Once, while riding high on a booze-filled interstate tour as a freelance rock journalist, I ran into Harry Connick Jr. in the lobby of our Queensland hotel. I was terribly hungover and he was wearing Crocs. I’m pretty sure this shattered every illusion I’ve ever had about the smoothest man in music – any kind of music – period. We all make fashion mistakes, but the golden-voiced, exceptionally good-looking, Harry Met Sally-soundtrack writing heir to the New Orleans jazz throne was certainly not, at least in my mind, allowed to. After all, who were we meant to look up to if not Harry Connick Jr? The guy cut his teeth doing jazz covers and writing his own compositions and then threw it all in during the mid-90s because he felt like starting a funk and soul band. That’s like Michael Buble abandoning his gold-plated post and become an indie-rock artist (OK, not exactly, jazz and funk are neighboring genres with a lot in common, but it was still a huge deal.) As I’ve mentioned once before when unravelling the title track from She, this album – and indeed this song – has been in the Seidler family for decades. Aside from Spice World and that posthumous Biggie CD single, it’s maybe the only only record that survived both the digital and then streaming revolution. It’s probably scratched to pieces, but somewhere deep in the storage facilities of our household is that swanky looking 1994 album and I even before we get to song Number Five assure you that the guy is not wearing Crocs on the cover photo.
‘(I Could Only) Whisper Your Name’ is something you can imagine your Dad dancing to until you realise that you’re on the floor and so is everyone you know. It’s not particularly fast-paced or disco-inspired, but it has this inherent swagger, partly Connick Jr’s and partly bass-related, that really promotes active body movement. Because the best type of funk is the funk that swings, where you hear the horns leaning back on their notes until you think they’re about to combust right inside your ears, this track is a notable example of cross-pollination that actually doesn’t sound like it’s trying so hard. Harry, who plays piano, composes and conducts in addition to being a devastating presence on the microphone, assembled a band specifically for the record, and you can tell they know what they’re doing. All the hits are precise, like the snare/trumpet syncopated blasts at the end of each bridge into the verse, the bass lopes in with conviction and that stomping guitar solo, which really comes out of nowhere, is pure ’70s. The way the end of that section transforms into a keys line and then effortlessly shifts keys back down into the main ostinato is a particularly impressive musical sleight-of-hand. It would be horribly difficult to work out with a huge group of players, but you wouldn’t know from listening to it. Ah, the magic of showbiz.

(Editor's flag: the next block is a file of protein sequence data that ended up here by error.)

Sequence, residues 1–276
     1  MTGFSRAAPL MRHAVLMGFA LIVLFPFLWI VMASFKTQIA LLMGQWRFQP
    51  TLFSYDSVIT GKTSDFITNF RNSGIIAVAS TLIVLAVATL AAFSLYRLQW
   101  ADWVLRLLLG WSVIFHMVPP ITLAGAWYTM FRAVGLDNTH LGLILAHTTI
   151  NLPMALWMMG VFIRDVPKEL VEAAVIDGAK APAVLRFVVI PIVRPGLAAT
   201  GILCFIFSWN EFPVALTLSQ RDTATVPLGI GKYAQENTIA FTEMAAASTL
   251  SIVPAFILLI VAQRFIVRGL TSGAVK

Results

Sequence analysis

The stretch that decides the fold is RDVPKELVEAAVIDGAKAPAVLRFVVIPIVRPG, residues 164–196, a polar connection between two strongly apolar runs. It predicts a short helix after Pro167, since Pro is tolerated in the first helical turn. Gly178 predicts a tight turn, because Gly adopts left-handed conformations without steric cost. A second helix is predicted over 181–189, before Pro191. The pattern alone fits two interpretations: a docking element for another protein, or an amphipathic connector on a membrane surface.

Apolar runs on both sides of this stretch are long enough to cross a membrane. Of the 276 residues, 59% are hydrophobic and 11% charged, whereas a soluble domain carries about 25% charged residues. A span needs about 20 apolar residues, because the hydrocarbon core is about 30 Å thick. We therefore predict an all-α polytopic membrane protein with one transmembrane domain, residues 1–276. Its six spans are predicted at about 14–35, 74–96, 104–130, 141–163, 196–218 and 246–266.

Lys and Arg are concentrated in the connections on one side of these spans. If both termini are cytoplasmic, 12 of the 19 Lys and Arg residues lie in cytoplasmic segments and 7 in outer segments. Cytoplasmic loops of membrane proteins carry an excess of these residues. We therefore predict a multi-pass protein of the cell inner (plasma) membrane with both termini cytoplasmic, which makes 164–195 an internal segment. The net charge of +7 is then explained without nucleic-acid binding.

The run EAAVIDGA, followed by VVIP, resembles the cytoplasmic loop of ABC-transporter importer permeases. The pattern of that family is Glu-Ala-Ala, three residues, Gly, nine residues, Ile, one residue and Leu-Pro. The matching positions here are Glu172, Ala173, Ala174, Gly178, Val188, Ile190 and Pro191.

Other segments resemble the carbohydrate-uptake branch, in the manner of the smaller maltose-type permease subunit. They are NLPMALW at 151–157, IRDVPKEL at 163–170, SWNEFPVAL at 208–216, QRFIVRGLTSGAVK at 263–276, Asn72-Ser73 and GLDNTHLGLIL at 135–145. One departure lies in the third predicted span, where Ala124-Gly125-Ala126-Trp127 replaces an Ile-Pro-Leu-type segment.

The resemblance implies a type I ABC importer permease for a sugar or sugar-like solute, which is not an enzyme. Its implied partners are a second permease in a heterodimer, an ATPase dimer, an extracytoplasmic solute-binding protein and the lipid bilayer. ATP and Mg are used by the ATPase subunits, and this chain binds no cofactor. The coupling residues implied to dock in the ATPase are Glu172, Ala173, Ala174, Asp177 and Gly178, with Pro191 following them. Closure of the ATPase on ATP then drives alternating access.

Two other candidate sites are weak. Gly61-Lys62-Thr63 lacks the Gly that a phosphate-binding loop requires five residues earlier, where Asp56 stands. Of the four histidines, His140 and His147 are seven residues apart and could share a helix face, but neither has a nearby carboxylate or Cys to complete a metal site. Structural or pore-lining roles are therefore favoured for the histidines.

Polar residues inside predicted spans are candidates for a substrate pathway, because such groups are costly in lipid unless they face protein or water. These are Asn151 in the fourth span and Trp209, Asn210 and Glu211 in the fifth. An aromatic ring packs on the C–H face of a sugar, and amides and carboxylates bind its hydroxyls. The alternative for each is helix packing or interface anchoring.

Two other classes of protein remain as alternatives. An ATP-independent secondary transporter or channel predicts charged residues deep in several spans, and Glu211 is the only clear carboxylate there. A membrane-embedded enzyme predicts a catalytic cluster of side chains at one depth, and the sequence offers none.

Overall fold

Despite his Crocs, I will not hear of anyone dismissing Harry Connick Jr. because the man can sing like it’s nobody’s business. Listening to his vocals is to understand what ‘a voice like honey’ means in practical terms; he just glides through his tenor notes like he was born doing it, and never seems to exert any strain. Not only that, but he doesn’t just sit back and croon, either. On this song particularly, he makes big leaps to high notes (‘N-oo/doubt for them it’s true’) and carries them off so damn well. Even in this new flirtation which would only last him two records, Connick seems inside the music rather than fronting it for kicks. In my mind, I can see him kicking out at every accent, spinning around in an open suit and directing those trombones into their next slide. By the time it ended up on The Mask soundtrack, Harry Connick Jr had scored his biggest ever pop hit while apparently trying to do exactly the opposite. What a dude. What a song. Timeless.
Harry Connick Jr. – ‘(I Could Only) Whisper Your Name’